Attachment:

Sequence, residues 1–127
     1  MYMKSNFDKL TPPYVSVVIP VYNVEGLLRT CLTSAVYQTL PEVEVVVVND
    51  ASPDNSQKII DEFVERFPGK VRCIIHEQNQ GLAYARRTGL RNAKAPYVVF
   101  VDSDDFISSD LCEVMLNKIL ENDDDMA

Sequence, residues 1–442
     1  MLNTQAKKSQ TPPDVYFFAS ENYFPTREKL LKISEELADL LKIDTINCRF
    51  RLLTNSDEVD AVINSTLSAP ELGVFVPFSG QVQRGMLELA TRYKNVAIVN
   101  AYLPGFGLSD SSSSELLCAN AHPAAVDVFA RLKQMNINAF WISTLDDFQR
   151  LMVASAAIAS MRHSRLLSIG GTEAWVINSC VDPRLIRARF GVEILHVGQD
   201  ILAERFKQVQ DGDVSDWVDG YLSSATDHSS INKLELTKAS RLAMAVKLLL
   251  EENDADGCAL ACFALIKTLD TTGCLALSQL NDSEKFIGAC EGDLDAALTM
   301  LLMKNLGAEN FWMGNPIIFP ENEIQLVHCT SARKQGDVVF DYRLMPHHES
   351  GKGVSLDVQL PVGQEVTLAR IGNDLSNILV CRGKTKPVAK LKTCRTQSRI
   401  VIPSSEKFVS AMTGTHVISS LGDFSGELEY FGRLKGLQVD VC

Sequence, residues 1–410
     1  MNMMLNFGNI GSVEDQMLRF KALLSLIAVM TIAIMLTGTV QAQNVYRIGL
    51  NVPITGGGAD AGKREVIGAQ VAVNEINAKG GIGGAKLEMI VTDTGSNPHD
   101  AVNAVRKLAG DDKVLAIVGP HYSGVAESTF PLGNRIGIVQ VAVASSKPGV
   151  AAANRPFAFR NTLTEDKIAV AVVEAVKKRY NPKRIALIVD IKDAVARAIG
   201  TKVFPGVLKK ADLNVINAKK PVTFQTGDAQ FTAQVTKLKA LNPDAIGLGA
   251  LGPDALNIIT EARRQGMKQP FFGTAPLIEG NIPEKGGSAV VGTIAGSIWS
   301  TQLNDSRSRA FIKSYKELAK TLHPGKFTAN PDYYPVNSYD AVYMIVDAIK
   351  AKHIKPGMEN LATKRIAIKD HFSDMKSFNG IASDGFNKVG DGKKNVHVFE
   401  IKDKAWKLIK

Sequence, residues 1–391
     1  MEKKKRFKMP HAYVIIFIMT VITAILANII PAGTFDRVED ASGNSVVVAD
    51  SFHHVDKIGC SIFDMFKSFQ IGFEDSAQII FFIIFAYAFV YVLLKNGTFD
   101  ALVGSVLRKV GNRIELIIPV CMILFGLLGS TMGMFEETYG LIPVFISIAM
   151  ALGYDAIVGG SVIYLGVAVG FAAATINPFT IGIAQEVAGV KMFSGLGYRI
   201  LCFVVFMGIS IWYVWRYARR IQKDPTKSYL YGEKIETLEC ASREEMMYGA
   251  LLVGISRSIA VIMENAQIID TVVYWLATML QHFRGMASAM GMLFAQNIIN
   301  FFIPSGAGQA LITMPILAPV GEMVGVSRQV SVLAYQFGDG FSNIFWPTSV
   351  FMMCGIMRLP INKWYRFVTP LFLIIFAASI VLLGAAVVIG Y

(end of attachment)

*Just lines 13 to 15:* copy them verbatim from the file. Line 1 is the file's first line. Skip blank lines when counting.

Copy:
   351  GKGVSLDVQL PVGQEVTLAR IGNDLSNILV CRGKTKPVAK LKTCRTQSRI
   401  VIPSSEKFVS AMTGTHVISS LGDFSGELEY FGRLKGLQVD VC

Sequence, residues 1–410